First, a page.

BenQ EW3280U 4K monitor review: 32 inches of great picture and sound

BenQ continues its tradition of excellent, vibrant monitors with the EW3280U.

Benq Ew3280u
(Image: © Dan Thorp-Lancaster/Windows Central)

The move to 4K across TVs and monitors over the past several years has brought with it crisp picture quality that can enhance the look of games, movies, and more. What's arguably more important than 4K, however, is the introduction of high dynamic range (HDR), which makes the colors pop and enhances the contrast between the brightest and darkest areas of a screen. When you combine the two, however, you can get some truly stunning results.

That's what BenQ has done with its new EW3280U monitor, which takes BenQ's solid track record with HDR displays and applies it to a 32-in 4K screen. BenQ has geared this panel as "great for entertainment," adding in some extra bells and whistles intended to make content consumption more pleasant. However, all of that comes at a hefty price of $800.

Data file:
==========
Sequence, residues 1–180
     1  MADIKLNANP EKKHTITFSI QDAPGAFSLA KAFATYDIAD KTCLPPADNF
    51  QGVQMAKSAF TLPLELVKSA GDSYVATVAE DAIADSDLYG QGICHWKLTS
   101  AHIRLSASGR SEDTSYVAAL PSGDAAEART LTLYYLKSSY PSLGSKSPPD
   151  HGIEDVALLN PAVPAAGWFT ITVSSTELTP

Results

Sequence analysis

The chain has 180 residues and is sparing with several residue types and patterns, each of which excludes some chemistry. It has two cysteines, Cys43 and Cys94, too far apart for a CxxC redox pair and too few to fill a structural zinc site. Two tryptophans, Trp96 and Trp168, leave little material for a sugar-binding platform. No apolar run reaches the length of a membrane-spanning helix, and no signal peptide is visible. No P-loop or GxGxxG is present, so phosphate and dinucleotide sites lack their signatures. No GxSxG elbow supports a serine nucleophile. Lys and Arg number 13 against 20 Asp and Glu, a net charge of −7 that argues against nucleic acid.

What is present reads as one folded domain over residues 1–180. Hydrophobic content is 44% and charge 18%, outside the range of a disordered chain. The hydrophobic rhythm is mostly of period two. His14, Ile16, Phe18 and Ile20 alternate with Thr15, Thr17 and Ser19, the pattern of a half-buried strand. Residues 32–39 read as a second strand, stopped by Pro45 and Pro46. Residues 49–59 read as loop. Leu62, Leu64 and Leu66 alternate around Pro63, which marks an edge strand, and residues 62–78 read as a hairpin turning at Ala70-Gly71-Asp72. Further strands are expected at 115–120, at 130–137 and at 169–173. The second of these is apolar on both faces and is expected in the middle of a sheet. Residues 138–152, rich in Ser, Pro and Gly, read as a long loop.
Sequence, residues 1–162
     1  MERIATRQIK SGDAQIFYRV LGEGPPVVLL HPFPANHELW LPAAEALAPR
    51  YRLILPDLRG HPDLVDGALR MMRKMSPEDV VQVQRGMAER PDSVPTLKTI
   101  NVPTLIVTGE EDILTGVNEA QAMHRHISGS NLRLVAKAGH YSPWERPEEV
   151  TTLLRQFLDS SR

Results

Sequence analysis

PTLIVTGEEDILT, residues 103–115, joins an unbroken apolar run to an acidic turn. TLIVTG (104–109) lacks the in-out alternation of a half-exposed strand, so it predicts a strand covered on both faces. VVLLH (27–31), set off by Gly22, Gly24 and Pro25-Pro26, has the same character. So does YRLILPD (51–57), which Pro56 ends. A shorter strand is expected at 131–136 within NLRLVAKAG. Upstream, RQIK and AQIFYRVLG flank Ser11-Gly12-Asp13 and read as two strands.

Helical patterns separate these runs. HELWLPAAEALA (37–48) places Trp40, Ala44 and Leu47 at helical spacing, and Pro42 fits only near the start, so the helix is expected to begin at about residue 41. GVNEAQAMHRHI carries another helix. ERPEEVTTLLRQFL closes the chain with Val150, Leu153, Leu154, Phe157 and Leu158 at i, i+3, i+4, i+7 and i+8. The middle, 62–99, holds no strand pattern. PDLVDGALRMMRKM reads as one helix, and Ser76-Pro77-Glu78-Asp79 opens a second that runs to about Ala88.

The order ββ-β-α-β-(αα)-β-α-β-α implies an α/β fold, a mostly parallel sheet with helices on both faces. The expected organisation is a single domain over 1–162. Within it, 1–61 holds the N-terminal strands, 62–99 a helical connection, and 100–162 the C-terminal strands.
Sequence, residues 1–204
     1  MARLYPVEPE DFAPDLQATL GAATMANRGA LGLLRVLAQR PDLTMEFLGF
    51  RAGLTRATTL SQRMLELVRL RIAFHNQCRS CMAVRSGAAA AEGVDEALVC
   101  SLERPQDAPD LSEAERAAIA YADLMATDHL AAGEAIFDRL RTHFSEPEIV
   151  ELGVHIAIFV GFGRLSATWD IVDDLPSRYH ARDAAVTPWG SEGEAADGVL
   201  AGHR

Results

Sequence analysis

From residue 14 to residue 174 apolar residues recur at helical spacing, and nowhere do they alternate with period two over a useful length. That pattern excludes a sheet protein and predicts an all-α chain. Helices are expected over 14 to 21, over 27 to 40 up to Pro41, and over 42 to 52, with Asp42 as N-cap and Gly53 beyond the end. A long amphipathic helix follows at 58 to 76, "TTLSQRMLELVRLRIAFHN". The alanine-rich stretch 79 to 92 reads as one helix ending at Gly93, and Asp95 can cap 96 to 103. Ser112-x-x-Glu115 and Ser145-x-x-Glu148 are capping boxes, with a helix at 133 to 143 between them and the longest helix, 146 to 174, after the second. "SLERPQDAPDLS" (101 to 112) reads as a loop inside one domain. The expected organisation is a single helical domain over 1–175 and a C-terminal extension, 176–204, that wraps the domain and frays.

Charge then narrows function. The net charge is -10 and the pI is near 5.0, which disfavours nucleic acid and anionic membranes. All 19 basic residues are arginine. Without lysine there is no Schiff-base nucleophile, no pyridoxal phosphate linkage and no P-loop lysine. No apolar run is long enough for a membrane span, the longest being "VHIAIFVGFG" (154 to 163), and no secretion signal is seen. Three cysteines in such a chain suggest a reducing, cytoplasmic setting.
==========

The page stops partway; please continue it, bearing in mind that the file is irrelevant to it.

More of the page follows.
Is it worth it? Let's dive in.

What you'll like about the BenQ EW3280U 4K Monitor

Benq Ew3280u

Source: Dan Thorp-Lancaster/Windows Central (Image credit: Source: Dan Thorp-Lancaster/Windows Central)

BenQ has already established its ability to produce an excellent quality HDR display with previous models, including its EX2780Q gaming monitor. A lot of what makes that monitor appealing applies here as well. BenQ is using the same HDR implementation, an identical (but scaled up) design, and many of the same specs.

The look of the EW3280U is premium and unobtrusive. The display itself is flanked by very thin bezels and metallic brown accents that kind of fade into the background. That's a great design choice when your main goal is focusing on the content on screen, whether it be browsing the web, streaming some video, or diving into some games.

BenQ's HDR feels like it could rival the high-end Sony television in my living room.

Even one of the monitor's best features, its forward-facing soundbar, avoids attracting attention. The speakers are integrated underneath the display and are covered by a mesh of plastic decked out in the same metallic brown color as the rest of the monitor. The only exception is the middle portion of the speaker mesh, which contains the sensors for the remote and the monitor's automatic brightness adjustment.

Turning attention to the display itself, colors are crisp and vibrant right out of the box, even without HDR enabled. Once you start interacting with HDR content, colors and contrast begin to pop even more. When working close to the screen, as most of us do with monitors, BenQ's HDR implementation feels like it could rival the high-end Sony television in my living room.